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Old Town in Alexandria, Virginia — The American South (Mid-Atlantic)
 

The Jones Point Lighthouse

Shedding Light on a Landmark

— Jones Point Park, National Park Service, U.S. Department of the Interior —

 
 
The Jones Point Lighthouse Marker image. Click for full size.
Photographed By Allen C. Browne, October 7, 2012
1. The Jones Point Lighthouse Marker
Inscription.  
In the 1850's, Alexandria was one of the busiest seaports in the Chesapeake region. To help guide Potomac River ship traffic, the federal government built the Jones Point lighthouse, illuminating the beacon for the first time on May 1, 1856. It was one of the first lighthouses designed to use a new "unified" plan, combining the beacon and keeper's house into a single structure.

Among the duties listed in the manual for the keeper were to keep a journal and log of expenditures, maintain the lighthouse and grounds, employ attendants,report wrecks, and "…be courteous & polite to all visitors…" This last duty was taken to heart by a one keeper:

"Year round, after Sunday morning obligations, citizens would gather in the buoy shed near the Light House. There...keeper Benjamin Potter Greenwood would listen to the recollections of those present. They would occasionally partake in a hand or two of poker—would finish off the visit with a bit of Maryland rye (Oxon Creek stills) or 'Virginia corn.'"

[Captions:]
Unidentified Jones Point Lighthouse keeper and
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boy, circa 1905. Image courtesy of the Historical Society of Washington D.C.

The lighthouse lantern was outfitted with a fifth order Fresnel lens, which was new technology at the time. The beacon initially used whale oil, then ran on gas, was changed to a fixed red oil lamp and finally became a flashing white gas lamp.During the period that the red light was in place, the Point became known as something of a nautical "red light zone" with gambling barges and floating brothels. Image courtesy of the Library of Congress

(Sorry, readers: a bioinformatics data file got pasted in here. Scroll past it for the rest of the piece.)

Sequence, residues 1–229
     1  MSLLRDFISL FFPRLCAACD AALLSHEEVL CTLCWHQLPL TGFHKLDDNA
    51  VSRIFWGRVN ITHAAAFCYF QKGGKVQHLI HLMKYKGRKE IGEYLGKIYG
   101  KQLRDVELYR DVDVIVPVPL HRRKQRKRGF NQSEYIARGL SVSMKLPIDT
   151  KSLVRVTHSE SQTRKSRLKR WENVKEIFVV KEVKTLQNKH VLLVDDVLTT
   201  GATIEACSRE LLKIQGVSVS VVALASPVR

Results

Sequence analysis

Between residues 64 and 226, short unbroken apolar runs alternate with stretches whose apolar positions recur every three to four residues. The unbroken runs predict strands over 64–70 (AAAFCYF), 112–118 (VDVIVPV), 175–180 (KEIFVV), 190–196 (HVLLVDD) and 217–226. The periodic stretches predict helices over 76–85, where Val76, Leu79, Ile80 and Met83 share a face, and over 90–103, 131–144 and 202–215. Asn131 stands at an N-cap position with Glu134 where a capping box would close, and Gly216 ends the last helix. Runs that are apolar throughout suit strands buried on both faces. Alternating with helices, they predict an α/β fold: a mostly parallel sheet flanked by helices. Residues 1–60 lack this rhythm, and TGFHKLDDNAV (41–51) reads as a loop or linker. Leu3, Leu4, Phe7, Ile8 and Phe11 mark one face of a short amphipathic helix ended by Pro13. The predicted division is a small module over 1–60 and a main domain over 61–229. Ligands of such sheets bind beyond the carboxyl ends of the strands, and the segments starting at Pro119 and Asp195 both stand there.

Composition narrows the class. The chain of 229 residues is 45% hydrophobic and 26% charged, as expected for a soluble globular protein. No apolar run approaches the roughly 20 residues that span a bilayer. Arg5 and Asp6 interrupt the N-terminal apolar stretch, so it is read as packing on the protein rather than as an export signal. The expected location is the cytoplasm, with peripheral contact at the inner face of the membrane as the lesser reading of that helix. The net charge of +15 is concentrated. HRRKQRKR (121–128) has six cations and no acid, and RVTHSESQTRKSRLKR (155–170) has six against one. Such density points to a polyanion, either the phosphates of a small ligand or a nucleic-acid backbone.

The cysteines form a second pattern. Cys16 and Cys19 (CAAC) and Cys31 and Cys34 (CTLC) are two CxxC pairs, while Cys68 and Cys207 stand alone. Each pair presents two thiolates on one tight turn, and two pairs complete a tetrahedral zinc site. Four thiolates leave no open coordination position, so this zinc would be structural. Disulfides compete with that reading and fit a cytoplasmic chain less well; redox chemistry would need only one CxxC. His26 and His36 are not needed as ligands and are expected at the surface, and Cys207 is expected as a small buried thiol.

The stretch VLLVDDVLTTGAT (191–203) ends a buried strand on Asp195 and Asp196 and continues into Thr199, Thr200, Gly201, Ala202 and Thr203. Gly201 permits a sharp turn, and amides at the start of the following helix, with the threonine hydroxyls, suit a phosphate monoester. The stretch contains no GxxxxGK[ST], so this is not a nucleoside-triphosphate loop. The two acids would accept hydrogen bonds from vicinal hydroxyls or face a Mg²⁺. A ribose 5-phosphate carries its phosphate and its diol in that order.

Between 1910 and 1912, the Army Corps of Engineers infilled the cove at Jones Point. In 1926, a fully automated 60-foot steel tower with beacon was erected along the new coastline, replacing the obsolete lighthouse. Image courtesy of National Archives

 
Erected by National Park Service, U.S. Department of the Interior.
 
Topics and series. This historical marker is listed in these topic lists: Man-Made FeaturesWaterways & Vessels. In addition, it is included in the Lighthouses series list. A significant historical month for this entry is May 1612.
 
Location. 38° 47.429′ N, 77° 2.488′ W. Marker is in Alexandria, Virginia. It is in Old Town. Marker can be reached from Jones Point Drive east of South Royal Street, on the right when
The Jones Point Lighthouse Marker north of Jones Point lighthouse image. Click for full size.
Photographed By Allen C. Browne, October 7, 2012
2. The Jones Point Lighthouse Marker north of Jones Point lighthouse
traveling east. This marker is north and west of the Jones Point lighthouse along the Jones Point interpretive trail. Touch for map. Marker is in this post office area: Alexandria VA 22314, United States of America. Touch for directions.